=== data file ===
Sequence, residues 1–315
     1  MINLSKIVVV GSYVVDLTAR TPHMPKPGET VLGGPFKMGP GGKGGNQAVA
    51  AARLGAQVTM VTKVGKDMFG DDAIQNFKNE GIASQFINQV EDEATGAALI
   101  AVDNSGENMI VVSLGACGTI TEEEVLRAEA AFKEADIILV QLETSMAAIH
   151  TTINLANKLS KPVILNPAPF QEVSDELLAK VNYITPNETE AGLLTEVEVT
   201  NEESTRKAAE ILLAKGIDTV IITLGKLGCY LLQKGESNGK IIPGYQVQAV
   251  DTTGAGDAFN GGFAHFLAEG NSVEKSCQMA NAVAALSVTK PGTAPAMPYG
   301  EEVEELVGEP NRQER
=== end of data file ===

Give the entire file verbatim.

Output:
Sequence, residues 1–315
     1  MINLSKIVVV GSYVVDLTAR TPHMPKPGET VLGGPFKMGP GGKGGNQAVA
    51  AARLGAQVTM VTKVGKDMFG DDAIQNFKNE GIASQFINQV EDEATGAALI
   101  AVDNSGENMI VVSLGACGTI TEEEVLRAEA AFKEADIILV QLETSMAAIH
   151  TTINLANKLS KPVILNPAPF QEVSDELLAK VNYITPNETE AGLLTEVEVT
   201  NEESTRKAAE ILLAKGIDTV IITLGKLGCY LLQKGESNGK IIPGYQVQAV
   251  DTTGAGDAFN GGFAHFLAEG NSVEKSCQMA NAVAALSVTK PGTAPAMPYG
   301  EEVEELVGEP NRQER